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2005 © SWITCH PERT – Beyond Fat Pipes Simon Leinen
2005 © SWITCH 2 Contents End-to-end performance initiatives and PERT history Example PERT activities: GN2-PACE and SWITCH Lessons learned so far How Grid developers and users can benefit from PERT
2005 © SWITCH 3 End-to-End Performance Initiatives Motivation Observation: Backbone improvements not reflected at end users Frustrations with differentiated-QoS mechanisms Ideas for improvement Education (close the “wizard gap”) Measurement infrastructures – In the network, e.g. GN2-JRA1 – In the hosts, e.g. Web100 Human support infrastructure → PERT
2005 © SWITCH 4 Example PERT Initiatives: GN2 PERT GN2 “PACE” (formerly known as “SA3”) PERT Oriented towards European projects—including Grids Large virtual team with participants from many NRENs Weekly “Case Manager” duty, rotating between organisations ttp://www.pert.geant2.net/ (still being built)ttp://www.pert.geant2.net/ ttp://kb.pert.switch.ch/ (Pilot Knowledge Base)ttp://kb.pert.switch.ch/
2005 © SWITCH 5 Example PERT Initiatives: SWITCH PERT Includes support for performance of the “commodity” Internet Small team from our NOC/network engineering group Other NRENs are building PERT groups as well but these are the two I’m most familiar with…
2005 © SWITCH 6 DEISAThroughputReduction Example GN2 PERT Issue Iperf (single-stream TCP) measurements between the German and French DEISA sites usually achieve 900 Mb/s. DEISA traffic uses Premium IP inside the GEANT backbone. In parallel, there are 2-3 Gb/s throughput tests between Karlsruhe and CERN, using LBE (Less Than Best Effort) inside GEANT. Although there shouldn’t be an impact, DEISA measurements drop to 400 Mb/s during the Karlsruhe/CERN tests.
2005 © SWITCH 7 DEISAThroughputReduction Issue (2) DEISA Iperf test traffic Normal DFN-GEANT traffic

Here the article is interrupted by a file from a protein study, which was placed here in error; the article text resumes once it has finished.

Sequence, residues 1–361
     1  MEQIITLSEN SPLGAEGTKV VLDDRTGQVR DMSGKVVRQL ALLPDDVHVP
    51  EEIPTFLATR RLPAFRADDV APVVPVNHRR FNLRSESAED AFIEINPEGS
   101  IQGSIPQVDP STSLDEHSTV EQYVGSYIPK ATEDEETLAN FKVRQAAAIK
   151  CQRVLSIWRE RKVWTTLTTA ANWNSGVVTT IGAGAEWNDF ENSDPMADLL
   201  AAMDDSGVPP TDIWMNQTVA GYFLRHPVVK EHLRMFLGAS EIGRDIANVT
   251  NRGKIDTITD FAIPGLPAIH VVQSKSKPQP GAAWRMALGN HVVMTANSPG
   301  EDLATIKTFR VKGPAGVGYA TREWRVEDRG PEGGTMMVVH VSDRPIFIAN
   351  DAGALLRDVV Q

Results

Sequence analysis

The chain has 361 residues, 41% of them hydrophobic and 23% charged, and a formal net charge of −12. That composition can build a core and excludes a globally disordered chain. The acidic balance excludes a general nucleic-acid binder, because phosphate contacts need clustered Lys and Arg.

2005 © SWITCH 8 DEISAThroughputReduction Issue Possible Avenues Towards Resolution: Missing QoS configuration on DFN's router to GEANT Try TCP variants that fill the pipe more easily (e.g. BIC, FAST) More measurements (delay/loss/reordering when with bg. traffic?) Is this a practical problem at all?
2005 © SWITCH 9 Slow access to download.microsoft.com Example SWITCH PERT Issue Users at site X observe low download speeds from software distribution site (30-70 kbps)
2005 © SWITCH 10 Download Issue (2) First tests from a test host close to X result in good rates (30-40 Mbps) → probably an issue within site X, right? $ wget Resolving download.microsoft.com , Connecting to download.microsoft.com[ ]:80... connected. HTTP request sent, awaiting response OK Length: 24,265,736 [application/octet-stream] 100%[====================================>] 24,265, M/s ETA 00:00 13:44:22 (3.54 MB/s) - `dotnetfx.exe' saved [ / ]
2005 © SWITCH 11 Download Issue (3) However, subsequent tests reproduce rates similar to what the customer observed. $ wget Resolving download.microsoft.com Connecting to download.microsoft.com[ ]:80... connected. HTTP request sent, awaiting response OK Length: 24,265,736 [application/x-msdownload] 12% [===> ] 2,968, K/s ETA 51:32 Further investigation shows that mapping of download.microsoft.com to actual hosts is highly variable, and the performance of the servers mapped to is even more variable.
2005 © SWITCH 12 Download Issue (4) Because SWITCH doesn’t entertain business relationships with Microsoft of its content distributors, suggested that our customer complain to Microsoft (of which they are also a customer). Although technically a PERT failure, customer seems happy.
2005 © SWITCH 13 Lessons Learned So Far It’s hard to establish contacts with the customer It’s easy to “lose” the customer Performance expectations are often unclear Very hard to close an issue – Lack of criteria for problem resolution Should think in terms of bottlenecks rather than “problem locations”
2005 © SWITCH 14 How Grid Community Can Benefit Today PERT Knowledgebase (ttp://kb.pert.switch.ch/)ttp://kb.pert.switch.ch/ Lots of performance-related information In the process of being built Contact the PERT in case of performance problems If it happens when using GEANT/GN2 After other avenues have been explored (campus system and networking support) Through your NREN or (for groups such as DEISA) directly New: PERT Consultancy Service Ask PERT for help with future applications/tests (proactive)
2005 © SWITCH 15 How the Grid Community can Help PERT Follow the project and provide constructive criticism Volunteer as GN2 PERT Subject Matter Expert (SME) Make the concept known within your communities Bring interesting cases before the PERT
2005 © SWITCH 16
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